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the CalTrans Building and understanding architecture

By Eric Richardson
Published: Thursday, July 29, 2004, at 03:02PM

This week's Downtown News is their Best of Downtown issue. One story presents reader answers to the question, "Who Would You Vote Off the Downtown Island?" Top voter-getter was the still under construction CalTrans Building. From the article:

Some have complained that, with 13 stories of metal and steel, the building resembles a futuristic fortress out of step with its Civic Center surroundings. As one critic commented, if architect Thom Mayne - who, it must be noted, is frequently praised and is winning high-profile commissions across the country - was going for the "totally impenetrable" look, he nailed it.

I can't help but agree. The building rises 13 stories shrouded in a black metal mesh. The otherwise flat surface features various protruding panels that seem like they were partially ripped back by some rogue hurricane. Riding my bike to work I pass the building's site on Main and it just feels absolutely dominating.

Opinion on this Archinect forum thread is somewhat split. Some applaud the green features, while others (rightfully, in my opinion) decry the building's very poor interaction with the street and surrounding neighborhoods. All are interesting reading.

What I find most interesting, though, is a quote from an article about lead architect Thom Mayne that ran last year in Metropolis Magazine (the quote's on the second page). The author questioned Mayne about a concept he had done for the Ground Zero site in New York:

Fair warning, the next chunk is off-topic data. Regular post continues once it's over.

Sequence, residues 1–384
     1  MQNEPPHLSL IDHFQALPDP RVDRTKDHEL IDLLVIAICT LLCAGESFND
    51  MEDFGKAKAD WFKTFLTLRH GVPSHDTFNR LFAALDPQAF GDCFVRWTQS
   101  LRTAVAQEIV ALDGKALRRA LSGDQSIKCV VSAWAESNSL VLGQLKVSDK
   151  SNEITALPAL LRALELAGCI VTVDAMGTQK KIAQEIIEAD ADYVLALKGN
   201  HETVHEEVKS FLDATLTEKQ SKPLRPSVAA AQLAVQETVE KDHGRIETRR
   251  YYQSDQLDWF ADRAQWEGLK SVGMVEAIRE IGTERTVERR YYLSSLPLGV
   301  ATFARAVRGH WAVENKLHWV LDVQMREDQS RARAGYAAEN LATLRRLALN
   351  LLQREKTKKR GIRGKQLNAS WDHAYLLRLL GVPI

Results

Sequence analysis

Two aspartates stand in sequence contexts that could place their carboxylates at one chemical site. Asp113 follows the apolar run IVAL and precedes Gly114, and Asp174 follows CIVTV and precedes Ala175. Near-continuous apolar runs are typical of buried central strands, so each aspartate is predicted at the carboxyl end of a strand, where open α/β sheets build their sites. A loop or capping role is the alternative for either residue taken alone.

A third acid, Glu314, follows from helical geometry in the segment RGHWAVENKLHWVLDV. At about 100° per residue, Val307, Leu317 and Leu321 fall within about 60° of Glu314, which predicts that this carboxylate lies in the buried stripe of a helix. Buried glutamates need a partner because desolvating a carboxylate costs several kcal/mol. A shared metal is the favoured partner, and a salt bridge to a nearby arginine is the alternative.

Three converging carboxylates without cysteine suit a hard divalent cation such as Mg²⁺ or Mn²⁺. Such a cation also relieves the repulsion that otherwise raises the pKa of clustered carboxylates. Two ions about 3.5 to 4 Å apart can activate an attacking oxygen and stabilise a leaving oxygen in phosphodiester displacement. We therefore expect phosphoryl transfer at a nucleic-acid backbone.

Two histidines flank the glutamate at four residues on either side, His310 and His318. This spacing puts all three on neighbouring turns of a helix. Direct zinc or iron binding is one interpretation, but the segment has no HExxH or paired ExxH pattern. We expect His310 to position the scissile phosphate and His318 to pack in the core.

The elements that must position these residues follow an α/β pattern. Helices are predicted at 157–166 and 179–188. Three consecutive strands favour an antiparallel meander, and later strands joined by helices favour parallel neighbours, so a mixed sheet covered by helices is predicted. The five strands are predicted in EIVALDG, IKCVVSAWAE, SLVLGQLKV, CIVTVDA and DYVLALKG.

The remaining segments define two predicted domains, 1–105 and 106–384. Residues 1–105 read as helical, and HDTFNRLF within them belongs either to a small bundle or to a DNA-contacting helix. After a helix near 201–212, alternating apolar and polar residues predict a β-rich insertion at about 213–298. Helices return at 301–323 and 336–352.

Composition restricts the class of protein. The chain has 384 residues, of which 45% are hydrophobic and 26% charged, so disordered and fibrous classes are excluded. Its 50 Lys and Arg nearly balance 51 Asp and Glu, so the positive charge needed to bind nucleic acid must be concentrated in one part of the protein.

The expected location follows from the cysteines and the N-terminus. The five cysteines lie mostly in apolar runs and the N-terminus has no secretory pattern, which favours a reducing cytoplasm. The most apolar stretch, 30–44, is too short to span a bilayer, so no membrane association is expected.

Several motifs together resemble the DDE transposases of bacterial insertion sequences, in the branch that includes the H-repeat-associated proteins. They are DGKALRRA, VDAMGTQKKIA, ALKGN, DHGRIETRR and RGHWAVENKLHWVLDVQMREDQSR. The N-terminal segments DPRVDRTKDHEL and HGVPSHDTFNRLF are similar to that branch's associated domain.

I told Mayne I was confused by all this. His plan for Ground Zero seemed to be exactly what he was condemning at the UCLA conference: a paper fantasy that doesn't speak to the concerns of the average person. It was fairly clear that the people of New York were not clamoring for a critique of Modernism in Lower Manhattan. Mayne's answer surprised me. The average person's understanding of his projects is "irrelevant," he told me. "There's layers and layers of ideas that go into a piece of work. It can be engaged at many levels. Probably most people are engaged at a very direct level: how it affects them. Others will recognize that there's an organizational or conceptual tissue."

That's the feeling I get from the CalTrans building. I walk by it and I feel like I'm missing out on something. More than disliking the building, I simply don't understand it. Which is all good and well on paper, but not nearly as cool when I'm standing beneath 13 stories of Borg-like metal.

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